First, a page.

When the Heavens Smile by Aki Senoo: B+

Book description:
Takagi, a rather cute and innocent guy, is best friends and classmates with Kumoi, a tall, intellectual guy. One day, Takagi is stunned to find a pencil sketch of a man between Kumoi’s notebook pages that resembles his older brother… who passed away six years ago! Could Kumoi have possibly known his brother?

I’ll admit that what initially appealed to me the most about When the Heavens Smile was its pretty, muted cover. It was quite a pleasant surprise to find that all eight of the stories within are quite good.

A common theme for the collection seems to be “friends in love,” though this isn’t true for all stories. “Fragment,” for example, is the tale of two students who meet, feel a connection, and give in to their impulses before they even learn each other’s names. “Absolute Condition” is about gentle-seeming Kusaka who turns out to be a closet mole fetishist and “Sirens” is about a high-school student and his relationship with an older man (though it’s clear that it was the student who made the first move). The first two are particularly good and both feature a take-charge uke.

The first of the “friends in love” stories is “I Love Strawberries the Most, Followed By My Dad,” which is a very sweet story with another take-charge uke. I love how the boys compare their affection for each other to how much they love various fruits. “Fever Mark” features another pair of friends becoming more, and “That Which Falls From Heaven” and “That Which is Still Here” are about Takagi and Kumoi who share a chaste love while being watched over by the ghost of Takagi’s elder brother.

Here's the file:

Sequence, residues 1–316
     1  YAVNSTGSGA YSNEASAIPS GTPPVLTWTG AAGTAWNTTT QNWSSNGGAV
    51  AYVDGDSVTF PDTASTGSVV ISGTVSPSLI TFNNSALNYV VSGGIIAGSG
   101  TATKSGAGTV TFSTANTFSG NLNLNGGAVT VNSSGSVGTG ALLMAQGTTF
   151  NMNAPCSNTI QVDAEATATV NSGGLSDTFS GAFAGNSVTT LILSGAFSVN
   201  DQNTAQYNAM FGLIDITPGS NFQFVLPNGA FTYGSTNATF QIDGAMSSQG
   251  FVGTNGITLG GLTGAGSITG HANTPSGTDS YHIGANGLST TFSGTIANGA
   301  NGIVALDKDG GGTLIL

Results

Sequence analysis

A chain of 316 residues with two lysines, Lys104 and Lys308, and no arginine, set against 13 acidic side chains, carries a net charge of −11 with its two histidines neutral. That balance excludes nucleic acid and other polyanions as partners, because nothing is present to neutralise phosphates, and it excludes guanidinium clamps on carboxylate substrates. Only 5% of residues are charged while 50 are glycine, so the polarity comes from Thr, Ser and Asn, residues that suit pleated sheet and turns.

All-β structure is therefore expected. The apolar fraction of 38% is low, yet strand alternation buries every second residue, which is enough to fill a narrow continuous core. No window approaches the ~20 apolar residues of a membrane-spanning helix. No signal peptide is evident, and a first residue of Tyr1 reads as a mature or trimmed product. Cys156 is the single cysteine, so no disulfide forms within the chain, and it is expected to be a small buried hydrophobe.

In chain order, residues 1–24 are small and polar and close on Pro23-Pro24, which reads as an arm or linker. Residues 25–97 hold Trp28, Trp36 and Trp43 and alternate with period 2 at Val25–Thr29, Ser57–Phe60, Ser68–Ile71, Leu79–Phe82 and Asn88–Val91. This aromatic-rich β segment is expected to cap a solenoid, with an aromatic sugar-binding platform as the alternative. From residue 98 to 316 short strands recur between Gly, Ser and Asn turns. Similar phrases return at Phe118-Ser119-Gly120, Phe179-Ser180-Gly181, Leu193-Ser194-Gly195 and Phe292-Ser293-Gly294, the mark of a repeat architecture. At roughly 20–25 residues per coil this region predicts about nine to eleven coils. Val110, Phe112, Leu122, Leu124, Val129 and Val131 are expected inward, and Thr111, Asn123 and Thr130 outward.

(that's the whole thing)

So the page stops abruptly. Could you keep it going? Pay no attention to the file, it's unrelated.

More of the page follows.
My very favorite story in the collection concerns men rather than boys and is called “I Can’t Remember Now.” Midori works in a bar, and his friend Katsuhiro comes in constantly and gets plastered. Every time, Katsuhiro professes his love to Midori and tries to grope him, and all the other employees just assume they are a couple. Alas, Katsuhiro remembers nothing the next morning, which is painful for Midori since he does have feelings for his friend. Eventually, Midori can’t take it anymore and puts some distance between them. When a tipsy Katsuhiro tracks him down, Midori forces him to sober up before they can talk and, of course, they end up happily in bed with Katsuhiro comically uncertain if that was their first time or not.

Senoo’s art suits the stories well and there were several panels I had to pause and admire, even though the style is simple and backgrounds largely nonexistent. I like the character designs, and too I liked that none of the sex scenes (all of which are consensual, incidentally) are explicit. They’re plenty sexy as they are, without the need for details and slurpy sound effects, because the characters are interesting and their connections meaningful.

On the whole, this was exactly the sort of BL I like most; I hope more of Aki Senoo’s work is licensed in the future.

Review copy provided by the publisher.

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